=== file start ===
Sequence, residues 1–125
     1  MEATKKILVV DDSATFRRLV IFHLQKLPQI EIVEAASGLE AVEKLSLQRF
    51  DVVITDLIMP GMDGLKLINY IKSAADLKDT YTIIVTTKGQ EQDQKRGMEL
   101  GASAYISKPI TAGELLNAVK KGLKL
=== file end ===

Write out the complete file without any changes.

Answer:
Sequence, residues 1–125
     1  MEATKKILVV DDSATFRRLV IFHLQKLPQI EIVEAASGLE AVEKLSLQRF
    51  DVVITDLIMP GMDGLKLINY IKSAADLKDT YTIIVTTKGQ EQDQKRGMEL
   101  GASAYISKPI TAGELLNAVK KGLKL